Hammer of Purphoros in combination with Outpost Siege is living the dream. You don’t need all the mana you are drawing, so turn them into value. The tokens help trigger Foundry Street Denizen to make it a threat again during mid-game, trigger Purphoros’ ability for two damage, and considering it can be done instant speed, can even give you a last minute blocker. Oh and Mardu Scout? You don’t need to dash it now, although you probably should in most cases to continue the abilities it triggers on your other cards.

The extra Outpost Siege allows you to increase your odds of seeing them, and unless your opponent saw one game one, their only answer to it is Utter End or Thoughtsieze. I bet they took it out after seeing all of those one drops!

Sarkhan, the Dragonspeaker and Stormbreath Dragon give you the ability to fly over late game for additional damage sources. Many lists call for two Sarkhan, but I prefer to play one of each because pulling a second Sarkhan is not good for you, and it has happened enough times for me in play testing to warrant a Stormbreath Dragon over a second.

Moving forward, I must admit that my match-ups were quite good at the PPTQ. As I play tested the night prior I expected to run into a lot of RW Aggro and Abzan Aggro, which is why I played one Chandra, Pyromaster over a second Outpost Siege in the mainboard. That was not the case as you will see. Here is how my matches went with how I sideboarded:

 Round 1: Dimir Control, 2-0

Out:
Searing Blood
Searing Blood
Searing Blood
Wild Slash
Wild Slash
Wild Slash
Chandra, Pyromaster

In:
Eidolon of Great Revel
Eidolon of Great Revel
Eidolon of Great Revel
Eidolon of Great Revel
Outpost Siege
Purphoros, God of the Forge
Hammer of Purphoros

In game two Purphoros was a blowout. He sideboard out his Perilous Vaults, leaving no answer for a resolved Purphoros. I won with the damage from his ability alone.

Round 2: Azorius Heroic, 2-0

Out:
Outpost Siege
Chandra, Pyromaster
Firedrinker Satyr
Firedrinker Satyr
Firedrinker Satyr
Firedrinker Satyr

In:
Stormbreath Dragon
Sarkhan, the Dragonspeaker
Purphoros, God of the Forge
Wild Slash
Searing Blood
Mountain

Normally, I wouldn’t sideboard like this. Game one went so fast my opponent only hit two lands and was dead on his turn four. I decided to go for a bigger curve to throw him off in case game two went long, and Sarkhan proved to be my workhorse. In this matchup I would only take out the Outpost Siege and Chandra and bring in the fourth Wild Slash and Searing Blood.

Round 3: Green/Red Devotion, 2-1

(Game Two, on the draw)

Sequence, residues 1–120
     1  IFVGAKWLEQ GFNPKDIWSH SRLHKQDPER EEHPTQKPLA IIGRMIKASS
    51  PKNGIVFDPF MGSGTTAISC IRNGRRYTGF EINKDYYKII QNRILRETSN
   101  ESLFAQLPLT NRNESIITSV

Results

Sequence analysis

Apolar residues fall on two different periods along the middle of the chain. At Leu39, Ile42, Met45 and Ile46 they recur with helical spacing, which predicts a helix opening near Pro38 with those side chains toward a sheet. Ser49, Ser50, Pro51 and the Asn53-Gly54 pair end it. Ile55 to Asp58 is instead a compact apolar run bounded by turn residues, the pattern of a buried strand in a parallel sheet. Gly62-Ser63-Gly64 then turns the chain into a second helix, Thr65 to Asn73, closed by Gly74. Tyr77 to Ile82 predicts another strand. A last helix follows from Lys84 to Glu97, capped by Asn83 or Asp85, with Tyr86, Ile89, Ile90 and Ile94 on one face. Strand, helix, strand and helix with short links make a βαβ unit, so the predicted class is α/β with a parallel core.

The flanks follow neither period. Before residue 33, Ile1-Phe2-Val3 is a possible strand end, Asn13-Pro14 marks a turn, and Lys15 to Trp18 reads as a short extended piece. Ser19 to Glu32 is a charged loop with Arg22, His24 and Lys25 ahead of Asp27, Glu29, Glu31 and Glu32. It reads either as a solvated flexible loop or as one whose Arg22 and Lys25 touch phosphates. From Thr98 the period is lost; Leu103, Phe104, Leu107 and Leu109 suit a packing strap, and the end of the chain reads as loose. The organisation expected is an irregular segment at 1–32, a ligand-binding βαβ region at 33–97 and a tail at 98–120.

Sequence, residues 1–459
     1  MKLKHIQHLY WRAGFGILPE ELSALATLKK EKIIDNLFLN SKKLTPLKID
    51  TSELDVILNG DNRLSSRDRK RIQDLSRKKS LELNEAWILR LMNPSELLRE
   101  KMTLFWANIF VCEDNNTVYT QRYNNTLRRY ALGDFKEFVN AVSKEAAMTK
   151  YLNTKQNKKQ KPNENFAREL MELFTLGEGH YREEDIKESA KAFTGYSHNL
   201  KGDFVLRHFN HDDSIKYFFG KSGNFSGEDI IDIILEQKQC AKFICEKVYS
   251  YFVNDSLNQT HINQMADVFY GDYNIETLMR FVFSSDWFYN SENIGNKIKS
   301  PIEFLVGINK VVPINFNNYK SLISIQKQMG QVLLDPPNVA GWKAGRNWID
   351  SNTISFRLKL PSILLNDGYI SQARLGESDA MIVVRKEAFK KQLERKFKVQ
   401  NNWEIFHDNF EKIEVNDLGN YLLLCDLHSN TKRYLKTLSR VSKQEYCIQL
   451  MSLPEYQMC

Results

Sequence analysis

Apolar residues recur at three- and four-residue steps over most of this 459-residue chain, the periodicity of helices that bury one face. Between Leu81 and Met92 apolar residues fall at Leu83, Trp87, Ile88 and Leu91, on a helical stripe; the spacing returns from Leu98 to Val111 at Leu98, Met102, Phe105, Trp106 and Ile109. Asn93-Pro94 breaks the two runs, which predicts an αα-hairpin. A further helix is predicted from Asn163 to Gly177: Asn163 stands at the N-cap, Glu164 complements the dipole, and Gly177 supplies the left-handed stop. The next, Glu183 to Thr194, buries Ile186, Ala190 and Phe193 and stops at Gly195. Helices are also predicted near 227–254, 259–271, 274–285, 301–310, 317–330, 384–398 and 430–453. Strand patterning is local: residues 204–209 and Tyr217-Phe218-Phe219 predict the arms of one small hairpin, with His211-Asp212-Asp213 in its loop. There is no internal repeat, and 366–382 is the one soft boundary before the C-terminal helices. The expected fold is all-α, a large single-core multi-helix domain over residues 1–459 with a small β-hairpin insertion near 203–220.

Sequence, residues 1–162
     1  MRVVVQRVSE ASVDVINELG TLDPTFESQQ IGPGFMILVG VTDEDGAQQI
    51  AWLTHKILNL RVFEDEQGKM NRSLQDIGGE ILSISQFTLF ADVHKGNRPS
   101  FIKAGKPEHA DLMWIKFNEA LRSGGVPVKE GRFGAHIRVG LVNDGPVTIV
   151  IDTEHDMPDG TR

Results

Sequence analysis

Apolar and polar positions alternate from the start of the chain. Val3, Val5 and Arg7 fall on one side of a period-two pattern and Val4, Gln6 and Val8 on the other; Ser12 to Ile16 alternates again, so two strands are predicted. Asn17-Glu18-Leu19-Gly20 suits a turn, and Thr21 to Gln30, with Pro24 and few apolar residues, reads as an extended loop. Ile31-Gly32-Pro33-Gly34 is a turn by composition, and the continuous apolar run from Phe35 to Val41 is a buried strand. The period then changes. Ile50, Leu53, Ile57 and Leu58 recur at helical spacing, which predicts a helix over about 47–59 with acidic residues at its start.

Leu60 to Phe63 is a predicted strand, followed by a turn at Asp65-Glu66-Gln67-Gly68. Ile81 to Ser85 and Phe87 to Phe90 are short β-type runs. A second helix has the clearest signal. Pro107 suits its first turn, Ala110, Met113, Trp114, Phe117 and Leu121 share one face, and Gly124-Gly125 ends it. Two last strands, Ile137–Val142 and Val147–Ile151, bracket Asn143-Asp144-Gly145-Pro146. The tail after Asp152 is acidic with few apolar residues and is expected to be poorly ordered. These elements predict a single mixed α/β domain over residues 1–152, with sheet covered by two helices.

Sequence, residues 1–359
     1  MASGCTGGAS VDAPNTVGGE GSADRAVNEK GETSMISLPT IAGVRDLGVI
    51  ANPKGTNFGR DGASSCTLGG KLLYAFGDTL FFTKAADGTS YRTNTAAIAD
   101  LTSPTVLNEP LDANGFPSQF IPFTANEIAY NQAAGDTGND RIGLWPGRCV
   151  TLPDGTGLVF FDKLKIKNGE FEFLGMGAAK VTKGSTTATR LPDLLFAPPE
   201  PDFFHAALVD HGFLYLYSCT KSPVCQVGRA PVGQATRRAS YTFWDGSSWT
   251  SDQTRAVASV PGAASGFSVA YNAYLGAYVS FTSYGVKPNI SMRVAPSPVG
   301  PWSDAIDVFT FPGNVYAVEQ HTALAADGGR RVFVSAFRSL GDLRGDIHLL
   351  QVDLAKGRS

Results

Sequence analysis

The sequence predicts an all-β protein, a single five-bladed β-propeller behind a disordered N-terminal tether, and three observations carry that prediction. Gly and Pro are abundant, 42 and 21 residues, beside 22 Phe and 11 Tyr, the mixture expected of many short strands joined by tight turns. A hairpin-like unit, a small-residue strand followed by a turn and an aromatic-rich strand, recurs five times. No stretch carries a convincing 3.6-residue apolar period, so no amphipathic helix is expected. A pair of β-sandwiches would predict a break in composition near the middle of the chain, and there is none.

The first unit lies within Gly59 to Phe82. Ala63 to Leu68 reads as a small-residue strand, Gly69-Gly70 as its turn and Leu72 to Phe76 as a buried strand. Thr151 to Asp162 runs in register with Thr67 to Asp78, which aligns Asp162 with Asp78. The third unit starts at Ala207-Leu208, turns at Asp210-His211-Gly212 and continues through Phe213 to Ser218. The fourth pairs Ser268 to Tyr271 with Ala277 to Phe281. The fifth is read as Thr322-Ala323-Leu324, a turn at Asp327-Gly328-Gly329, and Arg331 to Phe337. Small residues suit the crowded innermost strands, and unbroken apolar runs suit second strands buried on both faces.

Out:
Firedrinker Satyr
Firedrinker Satyr
Firedrinker Satyr
Firedrinker Satyr
Lightning Strike
Lightning Strike
Chandra, Pyromaster

In:
Mountain
Wild Slash
Searing Blood
Outpost Siege
Purphoros, God of the Forge
Sarkhan, the Dragonspeaker
Stormbreath Dragon

I died quite quickly game two as he ramped perfectly into a turn two Courser of Kruphix and a turn three Xenagos, the Reveler. This is one matchup where you can feel pretty helpless watching your opponent curve out faster than you even when you are on the play. I got an Outpost Siege off but it was too late for me to catch up. Game three required me to make these changes:

(On the play, post sideboard)

Out:
Sarkhan, the Dragonspeaker
Stormbreath Dragon
Mountain

In:
Chandra, Pyromaster
Lightning Strike
Lightning Strike

I took a risk taking out the extra Mountain but needed to get underneath his deck before it ramped. After I grew a large board presence, I got him to seven life, dropped a Outpost Siege, naming Dragons with seven creatures on board.

Round 4: Mardu Midrange, 2-0

Out:
Firedrinker Satyr
Firedrinker Satyr
Firedrinker Satyr
Firedrinker Satyr
Foundry Street Denizen
Foundry Street Denizen
Foundry Street Denizen
Foundry Street Denizen
Lightning Strike
Lightning Strike

In:
Mountain
Wild Slash
Searing Blood
Arc Lightning
Hammer of Purphoros
Peak Eruption
Outpost Siege
Purphoros, God of the Forge
Stormbreath Dragon
Sarkhan, the Dragonspeaker

angerIn the first round I sat next to this opponent and got to see how her deck worked. What I did not see was main deck Anger of the Gods, which I was fortunate enough to avoid in the first game. I knew it would be good for me to get a fast start, because it caused her to keep the Anger of the Gods in addition to bringing in Drown in Sorrow as I expected. I took nearly half of my creatures out to avoid those cards working well against me. I waited out much of her removal and landed an Outpost Siege to obtain card advantage and slowly but surely outnumbered her hand until it was safe to start playing multiple threats and burn spells per turn.